Drawing his first breath

 “Freedom is strangely ephemeral. It is something like breathing; one only becomes acutely aware of its importance when one is choking.”

William E. Simon


After the accident, at the hospital, everything was too unreal. Every spike in cranial pressure or irregularity in blood pressure had to be solved immediately. Doctors would rush in. They would do their magic and keep him alive another day. It was all fast moving, no moment to sit and relax. No time to take it all in. But there was an understanding that “this too shall pass”, that everything here and now was fleeting and temporary. Some sort of fleeting assurance that gave us hope. I had very little to no information about traumatic brain injury or its long term effects. Ignorance helped tame the madness.  I assumed that once the immediate danger to his life passed, he would open his eyes and we would go home. Pick up the pieces later. Naive and protected from the life that was unfolding. Silly.


Over the next couple of weeks, I was introduced to the (relative) permanency of a brain injury so severe. My defenses stopped me from taking it all in. This was just another challenge, and Jitish always overcame challenges beautifully. Jitish would open his eyes and recognize everyone. He didn’t. I expected him to open his eyes to a world he understood. He didn’t. There were other families waiting for their loved ones to wake up, and I would hear them rejoicing. A lady who suffered a stroke woke up from a coma 45 days later and called out for her daughter. Another gentleman in a motorcycle crash woke up screaming with pain. Jitish didn’t wake up to call out for anyone. He didn’t scream. He didn’t move. He opened his eyes and looked fixedly and vacantly at a single spot on the ceiling. We switched on the television right in his field of vision. Nothing. We got colorful balloons. Pictures. Nurses and Doctors conducted finger tests and flashed lights in his eyes, to get any feedback. Still nothing.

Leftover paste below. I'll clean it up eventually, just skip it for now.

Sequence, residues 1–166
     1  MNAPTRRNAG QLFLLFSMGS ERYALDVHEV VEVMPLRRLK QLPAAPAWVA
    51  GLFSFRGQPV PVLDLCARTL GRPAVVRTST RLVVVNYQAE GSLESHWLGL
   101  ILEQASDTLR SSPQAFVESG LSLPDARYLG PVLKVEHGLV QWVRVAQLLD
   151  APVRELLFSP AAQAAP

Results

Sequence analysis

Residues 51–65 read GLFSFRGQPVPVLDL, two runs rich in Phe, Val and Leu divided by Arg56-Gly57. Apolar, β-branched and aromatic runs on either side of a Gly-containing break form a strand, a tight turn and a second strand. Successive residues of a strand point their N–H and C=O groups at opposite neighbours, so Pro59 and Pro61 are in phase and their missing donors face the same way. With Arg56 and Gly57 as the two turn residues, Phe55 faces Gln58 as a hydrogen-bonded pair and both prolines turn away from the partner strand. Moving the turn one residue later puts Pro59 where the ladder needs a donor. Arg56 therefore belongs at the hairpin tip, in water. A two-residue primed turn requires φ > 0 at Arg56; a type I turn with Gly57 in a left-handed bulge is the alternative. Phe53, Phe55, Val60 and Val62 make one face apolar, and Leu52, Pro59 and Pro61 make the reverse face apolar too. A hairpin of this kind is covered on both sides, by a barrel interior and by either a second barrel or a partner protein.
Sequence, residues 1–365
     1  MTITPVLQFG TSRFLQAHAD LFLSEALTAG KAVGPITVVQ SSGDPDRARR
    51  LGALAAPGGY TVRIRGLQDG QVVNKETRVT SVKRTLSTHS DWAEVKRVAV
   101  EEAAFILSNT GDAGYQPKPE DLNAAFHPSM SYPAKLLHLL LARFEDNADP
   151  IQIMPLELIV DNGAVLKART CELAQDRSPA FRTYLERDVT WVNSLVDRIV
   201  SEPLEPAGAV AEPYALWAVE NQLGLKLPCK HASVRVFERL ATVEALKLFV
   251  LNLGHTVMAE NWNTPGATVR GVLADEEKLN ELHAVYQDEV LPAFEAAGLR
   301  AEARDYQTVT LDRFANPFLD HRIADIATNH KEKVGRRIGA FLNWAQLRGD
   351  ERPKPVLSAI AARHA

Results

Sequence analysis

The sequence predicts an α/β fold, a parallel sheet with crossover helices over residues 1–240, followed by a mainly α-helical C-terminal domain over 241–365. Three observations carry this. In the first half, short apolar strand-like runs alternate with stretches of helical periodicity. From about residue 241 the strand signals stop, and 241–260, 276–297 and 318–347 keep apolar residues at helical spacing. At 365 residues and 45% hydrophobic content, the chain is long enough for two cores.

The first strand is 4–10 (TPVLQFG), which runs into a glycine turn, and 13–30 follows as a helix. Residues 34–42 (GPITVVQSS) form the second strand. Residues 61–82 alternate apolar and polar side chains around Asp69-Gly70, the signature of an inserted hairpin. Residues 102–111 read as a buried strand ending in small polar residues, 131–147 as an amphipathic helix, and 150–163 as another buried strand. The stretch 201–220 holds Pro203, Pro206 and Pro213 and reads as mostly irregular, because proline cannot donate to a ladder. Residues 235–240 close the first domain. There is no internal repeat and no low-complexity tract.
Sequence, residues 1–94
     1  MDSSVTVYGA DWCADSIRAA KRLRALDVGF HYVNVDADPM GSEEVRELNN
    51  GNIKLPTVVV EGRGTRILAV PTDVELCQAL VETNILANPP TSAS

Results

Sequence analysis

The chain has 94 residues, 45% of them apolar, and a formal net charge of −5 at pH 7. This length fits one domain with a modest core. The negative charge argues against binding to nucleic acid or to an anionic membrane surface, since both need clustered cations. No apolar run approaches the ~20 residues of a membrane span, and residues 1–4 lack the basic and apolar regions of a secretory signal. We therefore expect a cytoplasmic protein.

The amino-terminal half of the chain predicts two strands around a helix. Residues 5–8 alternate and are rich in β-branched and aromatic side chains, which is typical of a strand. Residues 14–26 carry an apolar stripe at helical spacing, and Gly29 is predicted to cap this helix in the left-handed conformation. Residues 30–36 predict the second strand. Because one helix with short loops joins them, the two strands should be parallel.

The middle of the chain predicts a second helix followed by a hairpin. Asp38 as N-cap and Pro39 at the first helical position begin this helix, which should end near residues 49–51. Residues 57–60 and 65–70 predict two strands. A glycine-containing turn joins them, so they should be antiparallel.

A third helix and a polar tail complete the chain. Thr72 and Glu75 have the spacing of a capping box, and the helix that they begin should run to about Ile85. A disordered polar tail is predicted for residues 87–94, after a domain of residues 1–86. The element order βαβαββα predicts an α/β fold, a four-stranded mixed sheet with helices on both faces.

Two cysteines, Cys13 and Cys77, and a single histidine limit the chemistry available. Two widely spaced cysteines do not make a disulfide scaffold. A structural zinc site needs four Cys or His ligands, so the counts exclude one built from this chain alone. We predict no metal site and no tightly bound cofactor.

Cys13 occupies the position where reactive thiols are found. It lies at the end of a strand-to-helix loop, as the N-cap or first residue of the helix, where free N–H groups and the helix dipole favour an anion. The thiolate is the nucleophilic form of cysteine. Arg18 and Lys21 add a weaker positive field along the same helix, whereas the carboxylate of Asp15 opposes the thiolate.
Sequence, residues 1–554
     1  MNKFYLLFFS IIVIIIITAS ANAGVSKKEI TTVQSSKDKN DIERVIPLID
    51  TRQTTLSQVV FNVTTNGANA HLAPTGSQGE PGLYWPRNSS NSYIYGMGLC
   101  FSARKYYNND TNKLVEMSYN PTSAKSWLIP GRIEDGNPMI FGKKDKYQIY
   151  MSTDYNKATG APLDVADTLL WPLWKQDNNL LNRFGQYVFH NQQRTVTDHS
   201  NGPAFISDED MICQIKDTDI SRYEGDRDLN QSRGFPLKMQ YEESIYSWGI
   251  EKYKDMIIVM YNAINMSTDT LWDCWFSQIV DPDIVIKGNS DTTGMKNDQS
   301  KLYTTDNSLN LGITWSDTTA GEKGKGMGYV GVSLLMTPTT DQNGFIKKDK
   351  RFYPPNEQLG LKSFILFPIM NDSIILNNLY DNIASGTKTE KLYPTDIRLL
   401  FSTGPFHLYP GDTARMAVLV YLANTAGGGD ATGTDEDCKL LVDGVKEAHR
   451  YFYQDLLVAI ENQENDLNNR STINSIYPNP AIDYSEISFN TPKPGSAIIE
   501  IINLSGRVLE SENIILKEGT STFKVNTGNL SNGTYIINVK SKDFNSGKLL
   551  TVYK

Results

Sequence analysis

Slowly but surely, The long term repercussions of a traumatic brain injury were becoming obvious to me. Time made it rudely difficult to not see it. 35 days after being in the ICU, it was time for the Doctors to discuss next steps. They suggested moving to a Long Term Acute Care facility. It felt like a kick in the stomach, as if they were all giving up on him. There was nothing more they could do beyond making sure he would be alive. It was not how I pictured leaving the hospital. I did not want to think of the next institution Jitish had to go to. I wanted it to be home. But that was not an option. Jitish couldn’t be moved to a nursing home, a rehabilitation facility, or home just yet. His breathing was weak and no rehabilitation or nursing facility could take him. It was clear that we needed Jitish to get his ability breath back. Time had become of essence. It was made clear that the faster we got Jitish the treatment and medical attention he needed, the better the outcome.